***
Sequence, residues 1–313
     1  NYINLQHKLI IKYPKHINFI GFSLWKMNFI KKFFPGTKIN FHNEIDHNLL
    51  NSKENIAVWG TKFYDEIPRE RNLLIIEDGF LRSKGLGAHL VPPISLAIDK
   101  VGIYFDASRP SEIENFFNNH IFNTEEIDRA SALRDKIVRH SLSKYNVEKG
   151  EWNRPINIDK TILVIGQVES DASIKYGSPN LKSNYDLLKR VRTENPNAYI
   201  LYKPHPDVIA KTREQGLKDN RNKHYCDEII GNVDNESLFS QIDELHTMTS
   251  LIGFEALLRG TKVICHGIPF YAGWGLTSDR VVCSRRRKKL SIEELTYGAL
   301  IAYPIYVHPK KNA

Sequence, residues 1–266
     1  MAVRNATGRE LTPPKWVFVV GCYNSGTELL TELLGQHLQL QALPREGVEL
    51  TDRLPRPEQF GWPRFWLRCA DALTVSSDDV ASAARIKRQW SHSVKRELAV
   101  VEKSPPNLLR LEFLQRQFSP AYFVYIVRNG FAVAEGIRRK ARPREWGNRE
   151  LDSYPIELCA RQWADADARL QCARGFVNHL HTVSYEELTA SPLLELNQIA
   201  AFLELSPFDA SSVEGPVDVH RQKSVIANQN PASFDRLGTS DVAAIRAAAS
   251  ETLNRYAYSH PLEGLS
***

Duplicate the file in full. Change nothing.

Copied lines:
Sequence, residues 1–313
     1  NYINLQHKLI IKYPKHINFI GFSLWKMNFI KKFFPGTKIN FHNEIDHNLL
    51  NSKENIAVWG TKFYDEIPRE RNLLIIEDGF LRSKGLGAHL VPPISLAIDK
   101  VGIYFDASRP SEIENFFNNH IFNTEEIDRA SALRDKIVRH SLSKYNVEKG
   151  EWNRPINIDK TILVIGQVES DASIKYGSPN LKSNYDLLKR VRTENPNAYI
   201  LYKPHPDVIA KTREQGLKDN RNKHYCDEII GNVDNESLFS QIDELHTMTS
   251  LIGFEALLRG TKVICHGIPF YAGWGLTSDR VVCSRRRKKL SIEELTYGAL
   301  IAYPIYVHPK KNA

Sequence, residues 1–266
     1  MAVRNATGRE LTPPKWVFVV GCYNSGTELL TELLGQHLQL QALPREGVEL
    51  TDRLPRPEQF GWPRFWLRCA DALTVSSDDV ASAARIKRQW SHSVKRELAV
   101  VEKSPPNLLR LEFLQRQFSP AYFVYIVRNG FAVAEGIRRK ARPREWGNRE
   151  LDSYPIELCA RQWADADARL QCARGFVNHL HTVSYEELTA SPLLELNQIA
   201  AFLELSPFDA SSVEGPVDVH RQKSVIANQN PASFDRLGTS DVAAIRAAAS
   251  ETLNRYAYSH PLEGLS